There is inadequate information on the burden of HIV infection, and on the prevalence of the risk factors for HIV transmission among University students in Uganda.
Le but de cette étude est d’analyser les initiatives « CVC » au Burundi avec un focus particulier sur la pertinence, la couverture, l’efficience, l’effectivité ainsi que la pérennité en vue d’apprécier le rôle de l’UNICEF et sa valeur ajoutée dans l’appui aux efforts des institutions du Gouvernem
This report covers a focus group discussion on HIV and AIDS information needs among university students in Jakarta and Papua as well as the report of the establishment of an HIV Prevention for youth E-learning course using video conference and webinar for the university students.
Regardless of their diversity in culture, economic conditions and social and political structures, developing countries share a set of common and well defined goals.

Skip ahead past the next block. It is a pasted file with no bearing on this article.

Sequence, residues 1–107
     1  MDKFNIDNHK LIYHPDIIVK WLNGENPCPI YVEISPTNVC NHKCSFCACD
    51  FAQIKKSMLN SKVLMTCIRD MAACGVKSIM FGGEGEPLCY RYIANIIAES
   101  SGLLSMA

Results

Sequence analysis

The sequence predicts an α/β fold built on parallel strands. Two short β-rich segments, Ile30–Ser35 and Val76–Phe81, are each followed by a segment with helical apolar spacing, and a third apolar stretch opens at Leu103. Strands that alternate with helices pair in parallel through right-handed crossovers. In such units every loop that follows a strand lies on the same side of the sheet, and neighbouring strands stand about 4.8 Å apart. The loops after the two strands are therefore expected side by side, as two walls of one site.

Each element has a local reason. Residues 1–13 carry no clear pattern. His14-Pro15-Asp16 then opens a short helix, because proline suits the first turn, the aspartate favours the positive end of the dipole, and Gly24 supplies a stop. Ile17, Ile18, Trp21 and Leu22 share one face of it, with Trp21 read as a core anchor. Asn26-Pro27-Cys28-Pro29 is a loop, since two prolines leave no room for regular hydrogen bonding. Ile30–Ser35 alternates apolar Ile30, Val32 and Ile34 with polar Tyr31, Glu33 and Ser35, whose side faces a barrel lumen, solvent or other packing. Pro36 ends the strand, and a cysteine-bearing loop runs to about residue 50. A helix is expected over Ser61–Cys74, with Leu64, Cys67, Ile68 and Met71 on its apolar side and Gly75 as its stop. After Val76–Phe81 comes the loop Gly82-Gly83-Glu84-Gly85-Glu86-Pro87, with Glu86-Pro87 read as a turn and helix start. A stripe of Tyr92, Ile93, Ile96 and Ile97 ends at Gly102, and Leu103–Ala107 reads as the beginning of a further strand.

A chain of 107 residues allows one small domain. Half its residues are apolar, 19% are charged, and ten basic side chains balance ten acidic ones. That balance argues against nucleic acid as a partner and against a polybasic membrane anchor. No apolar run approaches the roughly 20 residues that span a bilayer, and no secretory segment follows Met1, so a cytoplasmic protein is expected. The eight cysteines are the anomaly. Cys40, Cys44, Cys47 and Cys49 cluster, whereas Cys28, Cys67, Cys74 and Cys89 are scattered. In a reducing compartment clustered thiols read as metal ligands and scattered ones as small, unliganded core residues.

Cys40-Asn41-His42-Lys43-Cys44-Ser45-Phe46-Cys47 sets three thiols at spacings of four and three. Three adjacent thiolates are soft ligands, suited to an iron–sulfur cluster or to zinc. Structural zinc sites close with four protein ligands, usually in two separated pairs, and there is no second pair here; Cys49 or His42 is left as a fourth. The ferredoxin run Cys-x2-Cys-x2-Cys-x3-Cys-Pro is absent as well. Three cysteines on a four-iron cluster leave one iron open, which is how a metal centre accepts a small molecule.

Universities and institutions of higher learning in general consist mainly of young people in the 17-24 year old category, most of whom are sexually active, and therefore most vulnerable to HIV infection.
This article describes the objectives, theoretical bases, development process, and evaluation efforts to-date for the Circle of Life (COL) curricula, HIV/AIDS prevention interventions designed for American Indian and Alaska Native (AI/AN) youth.
This report presents the findings of the Global Life Skills Education Evaluation, commissioned by UNICEF to evaluate their support to establish sustainable and evidence-based life skills education (LSE) programmes.
Teaching sexual and HIV and AIDS education in schools has been the subject of debate and discussion for a while now southern Africa.
This is the report of the Global Evaluation of Life Skills Education commissioned by the UNICEF Evaluation Office.
The SADC Protocol on Health stipulates that Member States should cooperate in dealing with health issues in a harmonised manner as an essential ingredient for the effective control of communicable diseases in the region notably, HIV, TB and Malaria.